THE BLOG

The Cost of Providing the World's Poorest People With Their Own National Health Service

12/04/2015 21:35 BST | Updated 09/06/2015 10:59 BST

Today the Overseas Development Institute are releasing a report called 'Financing the Future' which shows that free basic universal healthcare would cost $74 billion a year to deliver in the 33 poorest countries - equivalent to just 4% of total bailout support provided to the banks by the UK Government. (1)

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The National Health Service (NHS) in this country is our greatest achievement and is one of the reasons I'm proud to live here. When it came into operation on the 4th July 1948 it was the first time anywhere in the world that completely free healthcare was made available to everyone on the basis of need, rather than the ability to pay.

We often forget that only 80 years ago healthcare was a luxury that not many people in this country could afford. Life in Britain in the 30s and 40s was tough and every year thousands of people died of infectious diseases like pneumonia, meningitis, tuberculosis, diphtheria and polio. The infant mortality rate, measured by the number of deaths of children before their first birthday, was around one in 20. (2)

Today no one in this country dies of tuberculosis, diphtheria or polio and the infant mortality rate is just 4 in a thousand. When measured against the healthcare available before the Second World War it is difficult to overstate the impact that the introduction of the NHS has had. Although medical science was then still at a basic stage, the NHS for the first time provided decent healthcare for all and at a stroke transformed the lives of millions.

Yet these improvements came at a cost. When the NHS was launched in 1948, it had a budget of £437 million, roughly £9 billion at today's value. For 2015/16, the budget will be around £115.4 billion. But no one in this country would say that is not a price worth paying. (3)

Globally the ODI report says that while there have been enormous strides in poverty reduction over the past two decades, progress will not be so easy in the next decade as the poor are increasingly concentrated in conflict-prone states, mainly in sub-Saharan Africa. This is where Emerge Poverty Free works supporting 15 programmes in 7 different countries, all in sub Saharan Africa.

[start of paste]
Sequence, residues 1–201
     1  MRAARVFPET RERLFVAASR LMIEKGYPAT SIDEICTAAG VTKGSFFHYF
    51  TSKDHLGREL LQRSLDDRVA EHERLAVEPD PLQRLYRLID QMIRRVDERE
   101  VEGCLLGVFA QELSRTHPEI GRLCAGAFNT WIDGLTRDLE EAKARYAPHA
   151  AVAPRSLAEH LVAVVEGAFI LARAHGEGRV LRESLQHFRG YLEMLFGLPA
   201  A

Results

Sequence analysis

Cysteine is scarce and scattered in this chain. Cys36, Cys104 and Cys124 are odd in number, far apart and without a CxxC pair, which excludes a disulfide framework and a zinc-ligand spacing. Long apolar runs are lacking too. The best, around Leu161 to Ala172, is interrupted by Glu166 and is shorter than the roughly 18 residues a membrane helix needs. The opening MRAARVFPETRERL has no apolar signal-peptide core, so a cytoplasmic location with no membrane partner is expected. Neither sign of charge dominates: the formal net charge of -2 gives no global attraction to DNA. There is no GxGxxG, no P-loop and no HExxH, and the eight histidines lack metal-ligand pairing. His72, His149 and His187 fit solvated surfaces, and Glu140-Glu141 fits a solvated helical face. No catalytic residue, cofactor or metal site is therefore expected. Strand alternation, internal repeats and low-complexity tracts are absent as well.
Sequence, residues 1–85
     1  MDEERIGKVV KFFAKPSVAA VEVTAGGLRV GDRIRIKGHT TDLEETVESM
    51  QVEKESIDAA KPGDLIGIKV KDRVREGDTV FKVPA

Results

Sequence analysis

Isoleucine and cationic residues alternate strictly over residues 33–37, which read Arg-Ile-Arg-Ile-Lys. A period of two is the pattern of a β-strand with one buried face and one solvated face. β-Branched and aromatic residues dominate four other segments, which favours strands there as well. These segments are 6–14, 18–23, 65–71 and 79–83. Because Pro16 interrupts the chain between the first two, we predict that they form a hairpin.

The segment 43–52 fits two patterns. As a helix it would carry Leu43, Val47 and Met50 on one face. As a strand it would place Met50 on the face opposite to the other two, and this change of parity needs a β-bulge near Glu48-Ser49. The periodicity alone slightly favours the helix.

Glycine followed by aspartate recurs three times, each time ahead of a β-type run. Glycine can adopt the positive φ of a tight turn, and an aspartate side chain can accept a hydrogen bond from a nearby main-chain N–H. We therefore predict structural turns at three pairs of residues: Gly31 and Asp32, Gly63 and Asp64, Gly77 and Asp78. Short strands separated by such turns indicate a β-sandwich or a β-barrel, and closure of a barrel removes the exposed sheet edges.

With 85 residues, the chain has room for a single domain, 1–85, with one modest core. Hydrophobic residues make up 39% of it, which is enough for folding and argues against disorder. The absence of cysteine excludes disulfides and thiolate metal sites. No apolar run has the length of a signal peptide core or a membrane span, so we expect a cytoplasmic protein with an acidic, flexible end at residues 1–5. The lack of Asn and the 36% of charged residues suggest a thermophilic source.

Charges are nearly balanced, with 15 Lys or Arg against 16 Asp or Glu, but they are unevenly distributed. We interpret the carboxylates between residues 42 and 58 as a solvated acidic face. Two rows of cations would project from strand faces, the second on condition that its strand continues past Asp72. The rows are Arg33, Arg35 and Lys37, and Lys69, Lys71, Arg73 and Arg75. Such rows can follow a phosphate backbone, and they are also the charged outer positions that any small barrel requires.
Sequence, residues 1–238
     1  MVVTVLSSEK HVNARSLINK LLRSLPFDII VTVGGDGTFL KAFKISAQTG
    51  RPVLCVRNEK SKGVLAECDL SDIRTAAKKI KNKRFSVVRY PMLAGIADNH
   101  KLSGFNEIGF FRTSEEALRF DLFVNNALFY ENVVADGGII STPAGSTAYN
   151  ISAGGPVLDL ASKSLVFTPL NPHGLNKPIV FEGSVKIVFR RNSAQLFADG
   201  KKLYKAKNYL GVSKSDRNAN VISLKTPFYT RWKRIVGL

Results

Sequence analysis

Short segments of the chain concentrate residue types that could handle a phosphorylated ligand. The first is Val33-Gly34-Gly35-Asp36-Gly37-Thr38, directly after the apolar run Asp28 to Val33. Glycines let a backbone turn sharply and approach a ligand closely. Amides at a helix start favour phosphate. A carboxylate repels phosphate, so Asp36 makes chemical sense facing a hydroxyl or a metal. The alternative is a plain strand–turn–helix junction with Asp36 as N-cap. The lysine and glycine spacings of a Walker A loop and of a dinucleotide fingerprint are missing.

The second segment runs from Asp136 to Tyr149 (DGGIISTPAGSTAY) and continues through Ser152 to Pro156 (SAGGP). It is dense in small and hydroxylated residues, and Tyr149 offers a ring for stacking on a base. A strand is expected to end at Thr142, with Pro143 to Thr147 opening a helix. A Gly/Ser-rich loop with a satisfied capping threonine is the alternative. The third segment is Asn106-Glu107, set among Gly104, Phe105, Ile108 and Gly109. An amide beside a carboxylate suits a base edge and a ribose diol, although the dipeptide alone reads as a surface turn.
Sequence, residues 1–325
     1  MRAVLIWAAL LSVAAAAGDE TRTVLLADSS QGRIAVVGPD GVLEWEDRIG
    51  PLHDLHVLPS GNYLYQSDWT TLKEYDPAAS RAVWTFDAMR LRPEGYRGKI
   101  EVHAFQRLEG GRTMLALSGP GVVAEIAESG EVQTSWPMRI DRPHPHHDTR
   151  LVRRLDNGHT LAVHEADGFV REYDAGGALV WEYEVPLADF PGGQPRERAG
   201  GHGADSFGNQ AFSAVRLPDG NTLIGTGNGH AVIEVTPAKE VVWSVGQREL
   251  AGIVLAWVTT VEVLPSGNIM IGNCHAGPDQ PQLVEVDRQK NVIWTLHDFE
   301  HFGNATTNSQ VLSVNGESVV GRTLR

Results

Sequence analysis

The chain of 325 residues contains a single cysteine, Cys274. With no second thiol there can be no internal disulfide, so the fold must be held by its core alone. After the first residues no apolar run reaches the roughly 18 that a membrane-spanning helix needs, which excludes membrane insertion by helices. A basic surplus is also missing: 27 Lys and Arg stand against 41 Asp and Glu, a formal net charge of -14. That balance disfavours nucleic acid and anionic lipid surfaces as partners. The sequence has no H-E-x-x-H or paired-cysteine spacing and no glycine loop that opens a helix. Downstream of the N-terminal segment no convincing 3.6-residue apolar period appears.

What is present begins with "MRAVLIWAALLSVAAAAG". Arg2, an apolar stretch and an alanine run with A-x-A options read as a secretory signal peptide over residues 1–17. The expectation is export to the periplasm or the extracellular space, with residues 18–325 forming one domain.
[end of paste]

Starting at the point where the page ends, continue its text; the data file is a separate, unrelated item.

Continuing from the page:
One of those countries is Burundi. There one in five young people die before the age of 5, and the annual government spending on healthcare equates to less than 68 pence per person. In comparison in England we spend about £1,900 per person. This very poor country has insufficient resources to provide even the most basic healthcare so its population, especially those in the rural areas, miss out. That's why every year Emerge ships many thousands of pounds worth of high quality pharmaceuticals to Burundi and oversees their distribution through trusted health centres. In addition, emerge also partners with Burundian organisations who directly manage some of these health centres. This helps to ensure that in the areas where we work no one is turned away from treatment because they are too poor.(4)

The authors of the ODI report argue that aid should support a global 'minimum standard of living for all' and it is affordable. If all rich countries met the 0.7% international aid pledge that the UK government has just enshrined in law, there would be more than enough money to pay for basic universe healthcare for everyone in the 33 poorest countries. The UN's Financing for Development conference in Addis Ababa in July provides an ideal opportunity to debate this and prove we can afford to set up a National Health Service for the worlds poorest people (5).